Siting and Sampling

Following the site selection rules corresponding to the distribution pattern of pollutants, landscape architecture professionals can assess on the suitability of merging biomonitoring system into variable types of urban space to improve the spatial coverage.

Monitoring Technologies

Existing long-term biomonitoring projects require replicated on-site manual diagnosis.Improved data manipulation methods are needed to better address the challenges of the labor-intensive biomonitoring process and the widespread application within the area of interest.


A resilient air pollution management tool and a responsive implementation framework

The hierarchical complexity of influences to the environment still needs to be fully understood by observation on more phenomena that have a causal link with the emission input. Taking one step closer to the real influences resulted from the air pollution on the entire society, biomonitoring appears to be an approach that can inform or predict the long-term consequences.

A hypothetical example given in the book is the different levels of influences caused by fluoride emissions. An effect is the accumulation of fluoride in the tissue of grass. The voles feed on the grass and have dental diseases, which can be an effect if it just influences the feeding ability instead of the overall population of voles. If the population of voles decreases to a certain level, a potential outcome can be the dramatic decline in the population of owls, which are the main predator of voles. This example not only embodies the causal links between these terms but also reflects the function of biomonitoring to understand the indirect implications of input emissions on the ecosystem.


Hypothetical example of effect, impact, and outcome (Bealey et al., 2008)

Taking use of the sequences and relationships between these terms, biomonitoring monitors on the initial effects and impact that can be measured before the adverse outcomes are taking place. In the decision-making stages, regulations and measurements can be developed or adjusted by referring to the outcomes predicted from the biomonitoring results. The graph below shows the conceptual scheme of air pollution biomonitoring, staring from the input pollution, eventually output results as previous measures influence on the input.


Design modules

Proposed design modules aim to provide examples to integrate the traditional in-field biomonitoring approaches and advanced technologies. Compared to the conventional biomonitoring practices that are mainly for research purposes, these modules are more public-inclusive. Following the sequence of the basic module of the smart landscape design below, each module establishes a corresponding data manipulation system. The step-in phase of each module responds explicitly to the hierarchy of influences (effect, impact outcome) in the in-situ biomonitoring framework.


Module 1: Lichens & Nitrogen Dioxide

Nitrogen dioxide has been the dominant nitrogen deposition problem in most of the cities because the major source of it is the combustion of fossil fuels especially fuel used in vehicles. Lichen is a combination of fungi and algae which makes it absorbs pollutants or nutrients directly from the atmosphere without additional roof uptake. The distinct morphology and color of nitrogen-tolerant lichen species and nitrogen-sensitive lichen species facilitate the biomonitoring process, making it a simple and inexpensive approach to evaluate the atmosphere pollution extents.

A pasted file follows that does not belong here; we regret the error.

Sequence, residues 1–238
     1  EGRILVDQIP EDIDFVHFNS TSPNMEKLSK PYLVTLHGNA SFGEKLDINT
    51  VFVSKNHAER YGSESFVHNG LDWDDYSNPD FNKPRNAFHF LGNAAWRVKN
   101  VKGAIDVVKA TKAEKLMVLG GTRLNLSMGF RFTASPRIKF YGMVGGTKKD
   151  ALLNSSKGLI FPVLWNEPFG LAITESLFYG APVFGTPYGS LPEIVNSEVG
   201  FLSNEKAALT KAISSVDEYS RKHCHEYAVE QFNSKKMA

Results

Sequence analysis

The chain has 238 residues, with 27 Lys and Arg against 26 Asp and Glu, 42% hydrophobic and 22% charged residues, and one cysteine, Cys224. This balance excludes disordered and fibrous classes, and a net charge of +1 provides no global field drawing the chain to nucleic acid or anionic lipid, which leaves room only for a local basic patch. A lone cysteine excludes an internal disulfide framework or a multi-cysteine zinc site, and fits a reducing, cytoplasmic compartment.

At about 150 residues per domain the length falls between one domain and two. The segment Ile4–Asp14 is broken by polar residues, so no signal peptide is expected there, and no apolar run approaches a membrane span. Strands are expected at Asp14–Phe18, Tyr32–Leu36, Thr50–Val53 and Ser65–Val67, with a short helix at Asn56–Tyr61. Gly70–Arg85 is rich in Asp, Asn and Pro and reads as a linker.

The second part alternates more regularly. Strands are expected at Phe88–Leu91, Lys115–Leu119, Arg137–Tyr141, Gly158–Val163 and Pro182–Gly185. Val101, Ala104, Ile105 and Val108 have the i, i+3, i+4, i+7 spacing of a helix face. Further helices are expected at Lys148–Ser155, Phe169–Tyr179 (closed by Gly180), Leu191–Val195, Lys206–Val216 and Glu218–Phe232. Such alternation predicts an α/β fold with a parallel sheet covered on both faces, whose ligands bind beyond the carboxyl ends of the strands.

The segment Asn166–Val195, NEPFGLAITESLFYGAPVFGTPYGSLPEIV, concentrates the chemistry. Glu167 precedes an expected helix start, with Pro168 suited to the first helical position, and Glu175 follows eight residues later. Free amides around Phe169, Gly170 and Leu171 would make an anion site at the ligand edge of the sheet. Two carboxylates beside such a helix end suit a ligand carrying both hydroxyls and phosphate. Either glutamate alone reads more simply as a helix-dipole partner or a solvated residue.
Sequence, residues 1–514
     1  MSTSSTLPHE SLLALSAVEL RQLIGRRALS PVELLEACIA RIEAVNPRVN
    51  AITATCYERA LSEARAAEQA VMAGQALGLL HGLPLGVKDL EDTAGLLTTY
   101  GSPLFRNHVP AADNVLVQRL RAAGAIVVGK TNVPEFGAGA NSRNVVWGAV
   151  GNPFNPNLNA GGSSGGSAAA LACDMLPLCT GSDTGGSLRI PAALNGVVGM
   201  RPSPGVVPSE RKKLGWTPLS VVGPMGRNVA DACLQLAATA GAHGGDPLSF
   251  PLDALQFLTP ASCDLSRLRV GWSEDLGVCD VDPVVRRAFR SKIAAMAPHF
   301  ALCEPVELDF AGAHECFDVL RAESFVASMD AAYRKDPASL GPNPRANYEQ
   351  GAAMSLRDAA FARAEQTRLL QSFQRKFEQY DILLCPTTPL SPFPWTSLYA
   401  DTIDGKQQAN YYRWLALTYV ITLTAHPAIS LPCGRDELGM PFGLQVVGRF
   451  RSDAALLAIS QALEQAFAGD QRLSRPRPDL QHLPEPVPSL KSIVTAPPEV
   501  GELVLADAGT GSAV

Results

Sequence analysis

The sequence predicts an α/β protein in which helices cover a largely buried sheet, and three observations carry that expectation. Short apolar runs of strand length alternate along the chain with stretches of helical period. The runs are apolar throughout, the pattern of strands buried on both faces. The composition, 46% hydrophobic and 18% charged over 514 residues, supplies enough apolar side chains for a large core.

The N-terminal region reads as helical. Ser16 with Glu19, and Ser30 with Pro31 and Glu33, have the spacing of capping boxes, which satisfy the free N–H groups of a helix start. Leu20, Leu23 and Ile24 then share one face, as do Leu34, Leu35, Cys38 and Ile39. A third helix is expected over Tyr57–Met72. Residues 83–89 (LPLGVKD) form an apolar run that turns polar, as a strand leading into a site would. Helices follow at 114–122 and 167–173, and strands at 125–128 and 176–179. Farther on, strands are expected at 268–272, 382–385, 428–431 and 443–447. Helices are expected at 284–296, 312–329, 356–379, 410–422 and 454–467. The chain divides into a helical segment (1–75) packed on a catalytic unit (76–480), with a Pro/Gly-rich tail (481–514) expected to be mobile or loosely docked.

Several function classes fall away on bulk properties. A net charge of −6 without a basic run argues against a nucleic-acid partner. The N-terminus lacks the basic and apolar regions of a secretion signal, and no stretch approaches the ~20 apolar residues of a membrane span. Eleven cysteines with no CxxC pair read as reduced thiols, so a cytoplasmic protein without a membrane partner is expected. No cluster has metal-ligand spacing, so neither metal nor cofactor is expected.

The proposed air quality evaluation network cooperates with the air pollution-related epiphytic lichens monitoring methods and design of smart phone applications to increase the public participation in gaseous nitrogen pollution monitoring and public awareness of the air pollution attributable risks. The mutually supportive relationship between oak trees and lichens makes oak trees an excellent base for observing the lichens community due to the abundant and diverse lichen species that may occur on the tree.Existing oak trees in open public space with lichen growing on the trunk can be utilized by landscape architects to create in-field lichen biomonitoring sites.After determining the biomonitoring sites, take the sampling areas between 40 and 60 inches aboveground on the trunk surface in three different aspects (W, S, E). Construct an elevated metal frame or wood frame surrounding the tree to outline the grid reference of the sampling area directly.


LIS calculation example

A smartphone application will geographically label these biomonitoring sites on an interactive map interface. Users can find the nearest location and survey under the guidance of the application.A user can select the closest biomonitoring site and start to record the lichens species information. The data recording interface displays simple checkboxes for the presence/absence of two groups of lichen species. Several in-field lichens biomonitoring projects choose to measure each group of lichens' areas to develop the lichens community composition indicator.The application will automatically calculate the LIS (Lichens Indicator Score) if there are data available for up to 5 trees nearby.


The interactive map will generate georeferenced markers indicating the nitrogen pollution level converted from the LIS. The markers are generated by selecting the most up-to-date data within the same timescale according to the setting of the application. Users can also have access to historical data to obtain the temporal changes in the polluted area. Using the interpolation models suitable for the pollution nature and regional characteristics, the application estimates the polluted level of the region containing no biomonitoring site based on the value of sample points.